It’s obvious that, as assets age, maintenance costs tend to increase. Now that there are significant numbers of wind assets entering late life, balance of plant degradation is a growing issue. Operators need to ensure that their long-term maintenance strategies are ‘right-sized’ to ensure that long-term opex is minimised so that levelised cost of energy gains are leveraged.
The offshore renewables sector has an opportunity to develop and enhance its late life/life extension strategy, alongside its approach to contracting and operational delivery models – for those assets which are already in operation and also for those which are being designed and constructed right now. Long-term thinking delivers long-term opex reduction.
While the wind industry has rightly focused on availability and the efficiency of the turbines and blades, the maintenance of the structural elements which support the wind turbine generator are also incredibly important and increase in importance as the assets age.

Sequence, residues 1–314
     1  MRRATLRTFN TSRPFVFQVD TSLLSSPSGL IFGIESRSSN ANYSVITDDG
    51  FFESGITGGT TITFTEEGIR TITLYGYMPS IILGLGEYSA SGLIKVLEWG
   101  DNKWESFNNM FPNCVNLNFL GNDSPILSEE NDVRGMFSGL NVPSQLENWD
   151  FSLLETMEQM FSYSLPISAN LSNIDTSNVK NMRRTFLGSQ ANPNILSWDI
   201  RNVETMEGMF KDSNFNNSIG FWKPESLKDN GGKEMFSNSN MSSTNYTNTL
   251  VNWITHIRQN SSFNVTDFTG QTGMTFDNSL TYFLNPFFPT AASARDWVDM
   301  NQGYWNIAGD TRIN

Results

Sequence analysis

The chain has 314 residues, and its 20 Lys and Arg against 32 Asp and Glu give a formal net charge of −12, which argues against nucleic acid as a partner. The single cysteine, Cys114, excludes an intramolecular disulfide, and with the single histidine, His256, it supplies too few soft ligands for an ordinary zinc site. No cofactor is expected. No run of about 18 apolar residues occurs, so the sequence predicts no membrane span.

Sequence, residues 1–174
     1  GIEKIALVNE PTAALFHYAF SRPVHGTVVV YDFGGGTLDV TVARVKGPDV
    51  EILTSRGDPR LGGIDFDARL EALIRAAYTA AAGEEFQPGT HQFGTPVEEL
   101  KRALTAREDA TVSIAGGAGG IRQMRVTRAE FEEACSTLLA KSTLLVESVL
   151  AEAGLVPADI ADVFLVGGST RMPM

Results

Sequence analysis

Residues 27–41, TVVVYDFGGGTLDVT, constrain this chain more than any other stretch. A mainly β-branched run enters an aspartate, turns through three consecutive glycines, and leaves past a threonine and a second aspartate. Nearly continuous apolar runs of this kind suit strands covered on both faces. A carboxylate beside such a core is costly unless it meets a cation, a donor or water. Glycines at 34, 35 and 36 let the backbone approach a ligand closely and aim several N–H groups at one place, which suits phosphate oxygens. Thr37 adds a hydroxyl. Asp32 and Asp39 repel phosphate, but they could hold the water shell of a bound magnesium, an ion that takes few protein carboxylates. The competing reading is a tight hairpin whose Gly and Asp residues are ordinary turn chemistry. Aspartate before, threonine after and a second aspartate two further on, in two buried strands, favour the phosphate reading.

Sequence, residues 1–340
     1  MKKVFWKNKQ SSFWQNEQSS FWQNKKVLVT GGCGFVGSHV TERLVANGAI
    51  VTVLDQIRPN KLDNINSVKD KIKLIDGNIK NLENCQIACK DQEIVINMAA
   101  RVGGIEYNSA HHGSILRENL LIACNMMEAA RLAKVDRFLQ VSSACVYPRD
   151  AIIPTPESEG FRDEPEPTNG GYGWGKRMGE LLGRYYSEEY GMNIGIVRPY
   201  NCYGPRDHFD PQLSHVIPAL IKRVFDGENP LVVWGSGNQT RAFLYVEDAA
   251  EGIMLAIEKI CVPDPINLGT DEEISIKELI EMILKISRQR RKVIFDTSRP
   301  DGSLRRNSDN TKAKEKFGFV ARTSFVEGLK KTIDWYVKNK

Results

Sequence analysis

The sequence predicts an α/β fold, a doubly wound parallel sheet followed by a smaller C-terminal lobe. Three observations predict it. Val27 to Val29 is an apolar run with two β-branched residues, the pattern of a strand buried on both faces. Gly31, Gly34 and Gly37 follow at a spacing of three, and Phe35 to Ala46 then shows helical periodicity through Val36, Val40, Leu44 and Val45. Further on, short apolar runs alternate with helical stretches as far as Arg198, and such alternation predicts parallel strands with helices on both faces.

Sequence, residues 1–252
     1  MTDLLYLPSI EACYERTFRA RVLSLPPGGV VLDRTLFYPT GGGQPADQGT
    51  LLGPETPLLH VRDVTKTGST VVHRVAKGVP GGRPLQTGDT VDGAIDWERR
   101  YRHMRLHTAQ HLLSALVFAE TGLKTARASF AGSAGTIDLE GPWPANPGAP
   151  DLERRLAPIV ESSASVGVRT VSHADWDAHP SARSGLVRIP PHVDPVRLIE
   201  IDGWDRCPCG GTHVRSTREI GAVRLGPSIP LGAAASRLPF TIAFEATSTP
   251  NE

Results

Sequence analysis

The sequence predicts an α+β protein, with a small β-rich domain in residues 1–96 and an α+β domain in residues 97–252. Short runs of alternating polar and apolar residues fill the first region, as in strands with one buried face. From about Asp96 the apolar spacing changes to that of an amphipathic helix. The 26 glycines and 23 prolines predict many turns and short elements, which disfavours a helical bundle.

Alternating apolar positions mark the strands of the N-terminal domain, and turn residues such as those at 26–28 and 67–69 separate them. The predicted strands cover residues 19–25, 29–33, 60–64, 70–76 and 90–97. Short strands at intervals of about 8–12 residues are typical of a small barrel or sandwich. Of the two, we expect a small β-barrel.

Maintenance is expensive and typically requires human intervention, so vessels and numerous subcontractors are mobilised. The industry can save money by adopting new ways of working. Rethinking coating specification can really deliver long-term savings on both new and late life assets. Typical maintenance savings are around 40%, and that makes a significant difference.